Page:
Raw Food Diet for Dogs: “What is natural isn’t necessarily safe or better.”
May 25, 2012
In a month where a major dog food is taking place because of salmonella contamination it may seem odd to bash feeding your dog yourself, from food that you purchase solely or that purpose. You are your own quality control inspector, monitor all ingredients and make small batches of food right in your own kitchen, instead of in some food processing factory thousands of miles away. Seems like a lot of positives strung together there. Hold on though, the truth, as usual, is more complex.
Yes, a home-prepared diet may be fine, even beneficial, if you buy quality ingredients and follow tested and approved recipes – like the ones designed by nutritionists at the American College of Veterinary Nutrition that are “complete and balanced” to ensure your dog gets everything she needs. The caveat here is that this diet should be cooked, and not raw. The reason for this is the same as it is for humans: to avoid bacterial contamination.
Ask how many of the enthusiasts feeding a raw food diet to their dog, also consume one themselves? After all, if the concept of being natural and eating like their wolf ancestors is great for dogs, why don’t we take a leaf from Paleolithic Man and do the same? This would mean eating only raw vegetables, fruits, nuts, roots and occasionally some fish and meat. No bread, no sugar, no cereals, no potatoes, no milk. It sure would change the consumption at your next Super Bowl blow-out.
This week The New York Times has an article (The Raw Food Diet for Pets) where a pretty, red-headed actress is profiled proclaiming the virtues of a raw food diet for her two Siberian huskies. She spends $250 a month feeding her dogs. That’s 8 dollars and change a day, compared to a super-premium commercial dry dog food at about 2 dollars a say.
You should always take medical and veterinary advice from unqualified, attractive actresses.
Look how well that’s worked out for Playboy’s silicon-inflated Jenny McCarthy and her anti-vaccine crusade: 95,341 preventable diseases and 888 deaths from June 23, 2007 to May 5, 2012. See The Jenny McCarthy Body Count.
And, as she states, her qualification is that she went to the “University of Google.” So much cheaper and easier than getting an actual degree from an accredited institution. I wonder if she uses a dentist who, instead of dental school, went to the University of Google, too.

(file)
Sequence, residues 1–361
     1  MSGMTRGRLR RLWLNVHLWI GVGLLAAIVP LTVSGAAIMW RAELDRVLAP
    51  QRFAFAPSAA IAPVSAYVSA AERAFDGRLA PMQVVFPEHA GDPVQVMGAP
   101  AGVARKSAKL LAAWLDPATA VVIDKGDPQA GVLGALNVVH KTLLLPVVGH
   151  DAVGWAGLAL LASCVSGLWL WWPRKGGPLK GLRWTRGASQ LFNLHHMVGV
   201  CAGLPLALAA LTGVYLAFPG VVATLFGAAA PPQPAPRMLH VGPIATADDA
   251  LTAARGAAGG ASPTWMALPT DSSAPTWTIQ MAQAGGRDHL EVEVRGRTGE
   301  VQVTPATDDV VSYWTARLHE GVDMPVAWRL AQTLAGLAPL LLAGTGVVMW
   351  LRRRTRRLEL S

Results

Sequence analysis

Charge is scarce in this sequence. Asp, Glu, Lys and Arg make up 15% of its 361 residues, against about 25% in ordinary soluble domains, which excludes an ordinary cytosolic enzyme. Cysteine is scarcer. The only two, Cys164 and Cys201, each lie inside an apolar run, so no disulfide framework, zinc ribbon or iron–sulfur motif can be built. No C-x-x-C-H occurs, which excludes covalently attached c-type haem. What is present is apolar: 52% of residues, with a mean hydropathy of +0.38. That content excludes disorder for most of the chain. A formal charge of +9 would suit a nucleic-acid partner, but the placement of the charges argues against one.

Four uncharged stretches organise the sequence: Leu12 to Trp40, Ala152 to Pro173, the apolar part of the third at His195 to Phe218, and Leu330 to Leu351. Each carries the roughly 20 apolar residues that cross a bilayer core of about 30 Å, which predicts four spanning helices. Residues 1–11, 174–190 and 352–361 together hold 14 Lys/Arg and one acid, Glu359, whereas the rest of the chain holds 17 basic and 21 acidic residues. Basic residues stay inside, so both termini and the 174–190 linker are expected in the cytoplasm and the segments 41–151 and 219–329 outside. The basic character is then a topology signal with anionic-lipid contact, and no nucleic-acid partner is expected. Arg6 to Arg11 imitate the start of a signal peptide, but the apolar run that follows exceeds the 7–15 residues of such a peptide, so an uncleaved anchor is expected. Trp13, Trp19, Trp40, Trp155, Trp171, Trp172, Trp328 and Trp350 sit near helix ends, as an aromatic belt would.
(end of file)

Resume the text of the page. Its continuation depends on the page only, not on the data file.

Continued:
[ Ladies, I apologize if I offended any of you who have chosen to surgically augment your figures by marking the fact that Ms. McCarthy’s charms are not all natural. Make your breasts the size of pontoons, for all I care. It’s not her cup-size I have an argument with, it’s her willful ignorance. ]
I commend Anahad O’Connor for including some balance in this article from Louise Murray, vice president of the A.S.P.C.A.’s Bergh Memorial Animal Hospital in New York City and the author of “Vet Confidential: An Insider’s Guide to Protecting Your Pet’s Health:
“Animals in nature eat raw food but don’t live very long. They tend to have parasites and succumb to infections and things like that. What is natural isn’t necessarily safe or better.”
A 2006 study showed that among commercially available raw pet foods 7% contained salmonella and 56% contained E.coli bacteria. So are the companies selling raw foods really better than the dry kibble manufacturers?
One of the benefits you hear frequently from raw food enthusiasts is a shinier coat. What they don’t realize is that this results from the higher fat content of the diet, not any nutritional supremacy. Homemade raw diets often lack enough calcium and phosphorus in forms that can easily be absorbed by your dog.
Lisa M. Freeman, DVM, PhD, a nutrition professor at the Cummings School of Veterinary Medicine at Tufts University published a report in the Journal of the American Veterinary Association in 2001. Her evaluation looked at five raw diets, three homemade and two commercially available. All were found to have “nutritional deficiencies or excesses that could cause serious health problems when given long term.”
Now I don’t know if Dr. Freeman is as pretty as the red-headed California actress or has breasts as prominent and as perky as Jenny McCarthy. But I respect her brains and the quality of her research. And when you want answers about your dog’s nutrition, that’s what really counts.
[ Dr. Freeman, no insult to your charms is intended. I’m sure you’re the hottest nutritional professor in the whole Cummings School. ]
Oh, and as far the other positive points claimed for the raw diet – repeat after me – the plural of anecdotes is not data. The Plural of Anecdotes is not Data. The PLURAL of ANECDOTES is not DATA. Thank you.